Second day the infection was raging. The leg had swollen to three times its normal size at the top and there was heat all the way down to the pastern. Rusty was having difficulty walking due to the swelling. Oh boy, maybe I should call the vet.

After carefully considering my options I decided to give it one more day, as I truly believed the protocol I was using was every bit as effective as the pharmaceuticals a vet would prescribe. I had used them for animals as well as people and so far they had not let me down. If there wasn’t improvement by day three we’d make a visit to the vet. I added Trace Minerals internally and slathered clay over the entire leg.

Third day, the swelling was reduced and the heat had receded to just below the knee. We were making progress! I periodically muscle tested to see if the protocol needed tweaking. So far, so good.

Fourth day, Rusty was not at all happy about taking Trace Minerals internally. Can’t say I blame him, I’ve taken them and they are nasty, but they work incredibly well. With less getting into him and more on the ground, I decided to switch to Super Stress for the internal portion of the treatment, with Trace Minerals syringed directly into the wound. By this time it was seeping pus and blood serum. Very nasty to look at but clearly improving.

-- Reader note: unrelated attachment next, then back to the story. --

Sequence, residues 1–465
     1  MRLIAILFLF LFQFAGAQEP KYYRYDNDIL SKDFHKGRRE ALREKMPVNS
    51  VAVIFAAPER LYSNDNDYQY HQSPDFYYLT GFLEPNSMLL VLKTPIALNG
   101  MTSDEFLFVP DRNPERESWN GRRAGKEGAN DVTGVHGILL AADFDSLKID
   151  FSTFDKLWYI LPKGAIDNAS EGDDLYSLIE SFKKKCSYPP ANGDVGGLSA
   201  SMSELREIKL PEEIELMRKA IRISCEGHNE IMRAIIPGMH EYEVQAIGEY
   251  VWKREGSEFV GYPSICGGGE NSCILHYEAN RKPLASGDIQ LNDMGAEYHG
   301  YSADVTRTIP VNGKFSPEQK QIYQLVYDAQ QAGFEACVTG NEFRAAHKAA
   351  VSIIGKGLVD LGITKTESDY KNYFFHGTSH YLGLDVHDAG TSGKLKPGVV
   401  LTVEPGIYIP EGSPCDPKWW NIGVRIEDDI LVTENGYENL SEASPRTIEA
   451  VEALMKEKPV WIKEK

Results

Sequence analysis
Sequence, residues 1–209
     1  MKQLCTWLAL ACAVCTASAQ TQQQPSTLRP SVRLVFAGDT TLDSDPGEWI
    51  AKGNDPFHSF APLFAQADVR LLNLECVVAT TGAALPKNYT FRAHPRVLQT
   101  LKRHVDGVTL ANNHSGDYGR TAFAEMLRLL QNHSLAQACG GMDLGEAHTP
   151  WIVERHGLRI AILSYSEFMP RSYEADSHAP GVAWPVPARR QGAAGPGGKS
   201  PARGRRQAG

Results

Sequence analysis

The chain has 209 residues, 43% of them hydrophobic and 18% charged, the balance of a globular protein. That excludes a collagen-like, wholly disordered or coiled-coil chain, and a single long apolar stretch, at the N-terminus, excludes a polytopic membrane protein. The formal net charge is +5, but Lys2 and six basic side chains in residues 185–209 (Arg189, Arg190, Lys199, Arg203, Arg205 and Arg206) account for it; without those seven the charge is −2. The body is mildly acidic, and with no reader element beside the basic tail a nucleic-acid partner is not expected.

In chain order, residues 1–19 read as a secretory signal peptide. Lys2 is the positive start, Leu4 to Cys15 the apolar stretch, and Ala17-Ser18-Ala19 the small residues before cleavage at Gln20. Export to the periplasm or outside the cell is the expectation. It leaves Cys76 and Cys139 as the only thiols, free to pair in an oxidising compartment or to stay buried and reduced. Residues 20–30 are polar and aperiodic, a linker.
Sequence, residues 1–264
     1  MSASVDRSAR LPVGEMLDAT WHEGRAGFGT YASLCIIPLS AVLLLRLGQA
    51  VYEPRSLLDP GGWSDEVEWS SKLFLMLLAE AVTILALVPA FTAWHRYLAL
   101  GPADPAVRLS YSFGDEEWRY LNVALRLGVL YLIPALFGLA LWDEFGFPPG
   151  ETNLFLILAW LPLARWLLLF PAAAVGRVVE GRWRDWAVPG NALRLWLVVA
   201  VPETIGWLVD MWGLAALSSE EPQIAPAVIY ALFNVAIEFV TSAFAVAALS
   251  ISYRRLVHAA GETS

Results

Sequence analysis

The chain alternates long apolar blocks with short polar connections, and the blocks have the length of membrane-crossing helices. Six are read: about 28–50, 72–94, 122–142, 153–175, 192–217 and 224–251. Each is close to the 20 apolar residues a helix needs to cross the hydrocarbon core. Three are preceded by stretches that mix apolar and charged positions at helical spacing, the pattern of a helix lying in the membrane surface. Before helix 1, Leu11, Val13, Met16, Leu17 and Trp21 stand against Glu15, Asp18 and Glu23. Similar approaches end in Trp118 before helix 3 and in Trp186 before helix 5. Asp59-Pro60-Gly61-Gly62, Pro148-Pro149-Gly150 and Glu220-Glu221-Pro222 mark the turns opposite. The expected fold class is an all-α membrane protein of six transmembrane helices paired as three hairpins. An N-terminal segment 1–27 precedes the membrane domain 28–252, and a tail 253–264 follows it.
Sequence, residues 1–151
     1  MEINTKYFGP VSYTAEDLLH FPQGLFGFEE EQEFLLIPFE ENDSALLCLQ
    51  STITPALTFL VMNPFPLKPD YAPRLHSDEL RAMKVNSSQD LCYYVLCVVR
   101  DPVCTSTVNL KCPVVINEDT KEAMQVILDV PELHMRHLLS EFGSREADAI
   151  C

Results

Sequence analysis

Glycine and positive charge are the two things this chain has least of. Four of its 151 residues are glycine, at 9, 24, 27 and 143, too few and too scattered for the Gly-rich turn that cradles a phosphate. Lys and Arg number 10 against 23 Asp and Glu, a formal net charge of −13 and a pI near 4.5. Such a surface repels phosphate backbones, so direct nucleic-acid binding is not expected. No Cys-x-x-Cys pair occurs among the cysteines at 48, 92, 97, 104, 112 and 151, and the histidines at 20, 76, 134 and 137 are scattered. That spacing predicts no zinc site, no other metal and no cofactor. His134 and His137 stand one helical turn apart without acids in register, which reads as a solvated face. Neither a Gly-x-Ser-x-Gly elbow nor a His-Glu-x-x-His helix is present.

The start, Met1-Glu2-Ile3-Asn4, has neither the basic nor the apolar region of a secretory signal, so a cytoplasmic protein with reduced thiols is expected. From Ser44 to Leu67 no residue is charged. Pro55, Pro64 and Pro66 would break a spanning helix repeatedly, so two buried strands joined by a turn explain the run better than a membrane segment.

By the seventh day the swelling was nearly gone and the heat was localized to the area of the wound. There was still seepage as the infection continued to purge.

Day ten I discontinued all but Wound Wash and Super Stress. The wound hadn’t yet closed as there was still minor seepage but the heat was gone.

Day fourteen was the final dose of Super Stress. The wound was nearly totally closed and all seepage had stopped. Since then it has healed to just a small spot. I wish I had taken pictures to document the episode but I didn’t. The thought of taking pictures of that ugly mess was just too much, plus I was totally focused on tweaking the protocol to ensure we got the best results.

I am convinced that we actually got better results than had we used pharmaceuticals. There were no side effects to the products and they were extremely effective. That doesn’t mean I won’t ever call the vet. There are times when that is the best choice. But for this injury, under these circumstances, it was unnecessary. Whatever I spent on Dynamite products is a fraction of what a vet bill would have been and you just can’t argue with the results. I am reminded of that every time I see Rusty frolicking in the pasture with his herd mates. Now to see what I can do about finding him a fox hunting partner…

Thank you Dynamite!